Discover the tradition of lighting candles

Advent is upon us, and with it comes the tradition of lighting a candle on each Sunday between now and Christmas. All four candles symbolise a different sentiment, and by lighting them, we give ourselves a moment to reflect. But candles have been used throughout history and all over the world, with their light serving both practical and spiritual purposes.


Counting down to Christmas with candles

The concept of Advent candles originated among German Lutherans in the 19th century. They were traditionally white and housed in a Christmas wreath, with each candle taking on a sacred significance associated with the holiday. The first candle was lit to inspire hope, the second as a symbol of joy, the third to celebrate love and the fourth was a wish for peace. Today, the tradition is intended as a time for reflection on these important themes, and is less a religious act than a cultural one in a lot of households.


Illuminating the darkness

Before electricity was discovered, candles provided light once the sun went down. In an age before clocks, they also helped tell time. Today they are mostly used to create a soft and calming atmosphere, but they’re also a figurative way to create light and understanding through meditation. The flickering flame of a candle is often regarded as a metaphor for the soul. It is nearly hypnotic in its beauty and can produce a feeling of inner peace when you stare into its light. Those who feel lost or ungrounded may light a candle to illuminate the way to their true feelings.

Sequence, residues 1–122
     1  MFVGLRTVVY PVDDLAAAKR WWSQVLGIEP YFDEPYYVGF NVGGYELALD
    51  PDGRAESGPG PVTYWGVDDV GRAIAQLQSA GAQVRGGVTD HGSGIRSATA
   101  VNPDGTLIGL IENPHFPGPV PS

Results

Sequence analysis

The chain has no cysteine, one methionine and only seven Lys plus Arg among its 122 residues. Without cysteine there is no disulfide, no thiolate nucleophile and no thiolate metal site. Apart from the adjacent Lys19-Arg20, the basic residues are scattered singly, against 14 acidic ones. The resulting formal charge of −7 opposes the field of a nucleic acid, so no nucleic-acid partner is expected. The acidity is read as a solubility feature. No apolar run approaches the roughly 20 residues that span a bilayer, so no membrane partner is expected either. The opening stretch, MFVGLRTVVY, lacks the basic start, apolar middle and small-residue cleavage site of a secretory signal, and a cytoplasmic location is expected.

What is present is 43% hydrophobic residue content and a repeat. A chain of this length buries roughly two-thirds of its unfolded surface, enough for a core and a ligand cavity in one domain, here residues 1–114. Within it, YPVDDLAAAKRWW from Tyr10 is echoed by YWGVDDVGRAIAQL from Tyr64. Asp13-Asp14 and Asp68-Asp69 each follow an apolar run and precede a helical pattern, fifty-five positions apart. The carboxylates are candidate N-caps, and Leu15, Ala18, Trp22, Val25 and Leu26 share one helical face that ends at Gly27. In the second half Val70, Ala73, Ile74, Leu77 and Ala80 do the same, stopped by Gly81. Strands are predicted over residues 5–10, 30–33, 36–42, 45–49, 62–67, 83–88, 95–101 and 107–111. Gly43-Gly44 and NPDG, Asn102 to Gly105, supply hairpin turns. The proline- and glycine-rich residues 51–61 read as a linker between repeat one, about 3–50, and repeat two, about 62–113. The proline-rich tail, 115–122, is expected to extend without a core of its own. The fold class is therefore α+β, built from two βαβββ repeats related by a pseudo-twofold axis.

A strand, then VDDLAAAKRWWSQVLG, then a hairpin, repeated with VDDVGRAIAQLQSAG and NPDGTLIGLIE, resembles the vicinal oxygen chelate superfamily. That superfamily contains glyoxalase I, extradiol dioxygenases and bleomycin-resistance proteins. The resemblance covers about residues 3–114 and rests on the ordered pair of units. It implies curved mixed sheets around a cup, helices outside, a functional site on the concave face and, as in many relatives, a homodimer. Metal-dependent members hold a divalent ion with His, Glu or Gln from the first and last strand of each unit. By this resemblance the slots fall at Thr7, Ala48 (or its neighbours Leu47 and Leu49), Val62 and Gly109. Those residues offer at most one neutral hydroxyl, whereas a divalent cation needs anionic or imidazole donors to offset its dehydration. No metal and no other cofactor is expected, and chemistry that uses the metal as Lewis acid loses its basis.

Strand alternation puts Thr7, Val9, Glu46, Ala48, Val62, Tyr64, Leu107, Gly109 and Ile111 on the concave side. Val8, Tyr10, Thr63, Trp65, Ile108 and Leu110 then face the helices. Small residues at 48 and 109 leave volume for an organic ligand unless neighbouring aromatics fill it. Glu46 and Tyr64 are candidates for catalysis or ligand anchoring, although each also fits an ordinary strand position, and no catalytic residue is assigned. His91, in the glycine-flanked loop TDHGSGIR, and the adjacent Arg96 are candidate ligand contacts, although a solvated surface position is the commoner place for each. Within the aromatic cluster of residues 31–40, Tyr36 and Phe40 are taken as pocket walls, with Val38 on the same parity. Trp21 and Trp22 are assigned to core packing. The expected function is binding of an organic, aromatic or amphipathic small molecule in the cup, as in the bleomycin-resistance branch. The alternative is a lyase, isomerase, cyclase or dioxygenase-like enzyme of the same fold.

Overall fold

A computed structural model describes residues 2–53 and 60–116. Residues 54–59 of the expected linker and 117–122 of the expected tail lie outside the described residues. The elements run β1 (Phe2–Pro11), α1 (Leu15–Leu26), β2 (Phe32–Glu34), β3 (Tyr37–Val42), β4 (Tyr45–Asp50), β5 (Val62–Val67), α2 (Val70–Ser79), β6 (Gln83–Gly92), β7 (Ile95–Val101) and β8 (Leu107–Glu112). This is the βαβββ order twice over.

Candlelight to welcome you home

People started putting candles in their windows during Colonial times, to signify that weary travellers were welcome. Because the population was so spread out, the candles were a beacon that could be seen from afar and led people to their destination in the dark. Similarly, when a family member was away, the rest of the household would light candles in the windows as a gesture of their love and a wish for their peaceful return. It’s not uncommon to see this happening throughout the months of December in modern society, as way to make the house appear cosy and inviting for Christmas.

Whether you’re lighting a candle to add to the relaxing interior of your home, for certain religious ceremonies or just to add a bit more romance in your life, one thing remains the same: you are participating in a routine that has been practiced since its invention in 200 BC. We suggest you take a moment to pause, reflect and honour it.